Council fell for killer cabbie’s act

Gemma Simpson murder. Killer Bell could spend the rest of his life behind bars.
Gemma Simpson murder. Killer Bell could spend the rest of his life behind bars.

Three years ago, Martin Bell successfully persuaded Scarborough Council to forgive his shady past and allow him to get behind the wheel of a taxi.

But while the authority allowed him to drive for Atlas Taxis with a pair of minor convictions behind him, what it didn’t realise was that over a decade earlier, he’d butchered Leeds woman Gemma Simpson.

But until the 45-year-old walked into Northway station and confessed to the grizzly slaying, neither did the police.

Now he’s behind bars, having been jailed on Friday for life.

He will serve a minimum of 12 years in prison after admitting to her manslaughter on the grounds of diminished responsibility.

Yet in November 2011, Scarborough Council decided the St Leonard’s Crescent man was a “fit and proper” man to taxi the public.

In minutes published from his licensing hearing, despite the council seemingly having some concerns about the public risk he posed, Bell told members that he had “turned his life around” - and councillors agreed.

Bell had been convicted of common assault in 2004, which along with another minor conviction, was disclosed to the council through a legal check.

But what wasn’t made available was an incident in which Bell was sectioned in 1999 for threatening to knife a policeman to death.

As he was dealt with outside of the courts, the incident wasn’t disclosed on his report.

And the council obviously didn’t realise that in 2000, while high on drugs and believing he was carrying out God’s work, psychotic Bell repeatedly striking Gemma Simpson’s head with a hammer.

Bell’s Leeds Crown Court trial also heard he then repeatedly stabbed her, before hiding her lifeless body in a bath as he cowered at the reality of the crime he’d just committed.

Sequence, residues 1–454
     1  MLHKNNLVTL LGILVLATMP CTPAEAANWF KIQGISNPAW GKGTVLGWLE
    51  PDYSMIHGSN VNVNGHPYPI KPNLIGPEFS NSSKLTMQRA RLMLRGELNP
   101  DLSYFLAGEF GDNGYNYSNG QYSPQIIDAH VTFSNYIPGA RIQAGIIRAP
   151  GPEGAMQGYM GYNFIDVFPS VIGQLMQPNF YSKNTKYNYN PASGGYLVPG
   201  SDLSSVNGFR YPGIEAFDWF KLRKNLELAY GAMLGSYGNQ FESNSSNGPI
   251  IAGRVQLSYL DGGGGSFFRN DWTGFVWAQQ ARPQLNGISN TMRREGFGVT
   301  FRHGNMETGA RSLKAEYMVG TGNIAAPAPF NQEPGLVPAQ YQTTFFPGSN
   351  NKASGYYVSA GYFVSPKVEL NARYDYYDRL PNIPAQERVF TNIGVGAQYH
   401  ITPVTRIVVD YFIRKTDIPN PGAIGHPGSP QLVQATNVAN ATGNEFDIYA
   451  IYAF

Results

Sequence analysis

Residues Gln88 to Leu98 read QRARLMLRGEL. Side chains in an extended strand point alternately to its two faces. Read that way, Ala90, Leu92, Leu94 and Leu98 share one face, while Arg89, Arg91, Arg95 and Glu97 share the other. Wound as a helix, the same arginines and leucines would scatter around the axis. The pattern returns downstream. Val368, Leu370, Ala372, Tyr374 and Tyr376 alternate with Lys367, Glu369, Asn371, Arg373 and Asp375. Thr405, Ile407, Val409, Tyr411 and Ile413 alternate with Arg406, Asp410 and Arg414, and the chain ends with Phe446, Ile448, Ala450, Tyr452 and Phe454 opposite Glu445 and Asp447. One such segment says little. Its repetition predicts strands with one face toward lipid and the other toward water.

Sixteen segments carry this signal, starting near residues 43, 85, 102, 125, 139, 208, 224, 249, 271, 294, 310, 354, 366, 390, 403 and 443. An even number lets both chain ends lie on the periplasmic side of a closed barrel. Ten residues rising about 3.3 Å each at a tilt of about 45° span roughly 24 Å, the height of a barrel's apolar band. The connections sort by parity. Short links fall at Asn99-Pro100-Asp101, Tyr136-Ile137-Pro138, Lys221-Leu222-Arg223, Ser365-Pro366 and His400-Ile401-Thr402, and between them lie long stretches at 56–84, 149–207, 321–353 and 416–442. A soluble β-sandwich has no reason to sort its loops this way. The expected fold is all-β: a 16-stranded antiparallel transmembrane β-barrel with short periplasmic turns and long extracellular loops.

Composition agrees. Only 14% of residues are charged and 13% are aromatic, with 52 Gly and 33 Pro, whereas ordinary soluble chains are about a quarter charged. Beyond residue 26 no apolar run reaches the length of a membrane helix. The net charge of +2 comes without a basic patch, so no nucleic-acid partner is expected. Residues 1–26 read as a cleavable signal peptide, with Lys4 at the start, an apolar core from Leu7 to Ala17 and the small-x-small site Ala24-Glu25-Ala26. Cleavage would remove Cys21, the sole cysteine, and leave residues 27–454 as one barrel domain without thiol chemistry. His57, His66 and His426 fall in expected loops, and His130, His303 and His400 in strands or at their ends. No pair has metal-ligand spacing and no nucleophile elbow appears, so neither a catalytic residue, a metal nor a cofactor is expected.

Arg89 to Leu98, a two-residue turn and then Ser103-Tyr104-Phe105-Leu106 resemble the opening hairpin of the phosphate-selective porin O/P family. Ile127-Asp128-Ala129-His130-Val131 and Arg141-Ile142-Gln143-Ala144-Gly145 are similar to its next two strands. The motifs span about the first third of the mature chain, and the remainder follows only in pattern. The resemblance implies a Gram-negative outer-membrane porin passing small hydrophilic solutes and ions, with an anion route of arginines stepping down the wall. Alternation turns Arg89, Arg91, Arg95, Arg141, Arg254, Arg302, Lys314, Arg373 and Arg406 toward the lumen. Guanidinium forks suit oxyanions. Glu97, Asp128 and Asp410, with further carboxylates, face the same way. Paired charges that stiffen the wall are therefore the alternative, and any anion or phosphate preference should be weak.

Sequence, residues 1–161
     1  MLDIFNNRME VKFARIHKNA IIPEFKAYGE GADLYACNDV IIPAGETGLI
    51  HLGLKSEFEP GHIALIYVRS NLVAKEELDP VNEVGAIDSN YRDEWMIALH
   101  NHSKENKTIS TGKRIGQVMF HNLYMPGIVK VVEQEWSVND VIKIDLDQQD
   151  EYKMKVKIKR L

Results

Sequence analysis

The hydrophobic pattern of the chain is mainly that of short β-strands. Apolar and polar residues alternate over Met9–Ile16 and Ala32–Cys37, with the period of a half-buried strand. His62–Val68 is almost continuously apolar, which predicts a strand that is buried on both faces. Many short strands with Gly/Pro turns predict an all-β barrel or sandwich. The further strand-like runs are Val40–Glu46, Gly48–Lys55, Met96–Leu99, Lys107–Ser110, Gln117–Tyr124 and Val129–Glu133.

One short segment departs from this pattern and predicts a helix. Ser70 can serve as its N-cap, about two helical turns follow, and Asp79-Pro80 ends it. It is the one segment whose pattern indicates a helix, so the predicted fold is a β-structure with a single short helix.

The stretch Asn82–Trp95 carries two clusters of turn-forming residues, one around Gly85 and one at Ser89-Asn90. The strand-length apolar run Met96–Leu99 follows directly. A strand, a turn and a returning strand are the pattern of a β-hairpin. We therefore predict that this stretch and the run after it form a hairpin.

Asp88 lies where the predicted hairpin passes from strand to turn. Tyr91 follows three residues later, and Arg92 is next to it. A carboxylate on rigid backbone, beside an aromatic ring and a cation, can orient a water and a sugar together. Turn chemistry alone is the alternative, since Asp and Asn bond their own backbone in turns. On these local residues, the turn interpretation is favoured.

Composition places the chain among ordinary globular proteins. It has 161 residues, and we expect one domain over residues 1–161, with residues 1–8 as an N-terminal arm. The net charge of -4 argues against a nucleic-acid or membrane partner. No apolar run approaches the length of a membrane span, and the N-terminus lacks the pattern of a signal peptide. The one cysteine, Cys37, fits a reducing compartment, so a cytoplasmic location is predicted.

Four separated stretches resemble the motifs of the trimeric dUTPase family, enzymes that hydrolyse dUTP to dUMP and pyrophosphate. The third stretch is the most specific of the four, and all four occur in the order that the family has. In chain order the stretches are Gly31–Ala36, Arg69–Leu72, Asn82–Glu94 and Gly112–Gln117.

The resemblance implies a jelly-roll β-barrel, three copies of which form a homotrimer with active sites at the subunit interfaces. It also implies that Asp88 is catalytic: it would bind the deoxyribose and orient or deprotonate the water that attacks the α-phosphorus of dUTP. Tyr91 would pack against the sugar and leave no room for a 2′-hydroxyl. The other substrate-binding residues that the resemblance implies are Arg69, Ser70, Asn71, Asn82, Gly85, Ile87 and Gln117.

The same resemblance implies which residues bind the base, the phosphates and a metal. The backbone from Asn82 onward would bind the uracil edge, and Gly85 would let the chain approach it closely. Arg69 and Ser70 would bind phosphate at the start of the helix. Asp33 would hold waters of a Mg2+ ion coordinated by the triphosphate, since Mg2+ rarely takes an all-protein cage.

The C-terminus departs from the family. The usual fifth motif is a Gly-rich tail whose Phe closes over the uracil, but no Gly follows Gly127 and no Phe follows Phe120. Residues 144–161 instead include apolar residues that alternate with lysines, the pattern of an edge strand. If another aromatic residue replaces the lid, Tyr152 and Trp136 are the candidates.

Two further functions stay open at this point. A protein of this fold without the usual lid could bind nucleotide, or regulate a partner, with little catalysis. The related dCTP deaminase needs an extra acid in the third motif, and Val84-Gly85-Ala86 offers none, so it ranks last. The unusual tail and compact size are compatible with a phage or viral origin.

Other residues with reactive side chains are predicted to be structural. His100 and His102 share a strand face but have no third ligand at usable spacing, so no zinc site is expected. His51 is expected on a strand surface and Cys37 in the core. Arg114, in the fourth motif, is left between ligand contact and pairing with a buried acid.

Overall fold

After sawing her legs off, he drove a hired car to Brimham Rocks to bury her at the beauty spot, where she lay for 14 years while he carried out a normal life - even holidaying in the Caribbean.

Sentencing him, Judge Peter Collier QC said the 23-year-old’s death was “brutal”, adding: “Your treatment of her body after death was dreadful.

“But your culpability was considerably diminished by your mental illness.”

Staff at Atlas Taxis claim they’ve been told not to discuss their former colleague, who believed in witches.

But Scarborough Council’s Steve Reynolds said that the council were just as much in the dark about Bell’s violent past as every one else - and that the authority would never do anything to put the public in danger.

“Bell had been clear of convictions since 2004 and taking everything into consideration at the time, including the evidence put forward that he had turned his life around and was a changed person, councillors granted the licence.

“The committee stated that the requirement for a driver to be a ‘fit and proper’ person was a continuing one and that where a driver fell below these standards their licence would be reviewed.

“Following Martin Bell’s arrest earlier this year his licence was suspended with immediate effect pending investigation and after being informed of his conviction this week his licence will be revoked with immediate effect.

“The main aim of licensing taxi drivers is to protect the public and the council takes this extremely seriously.”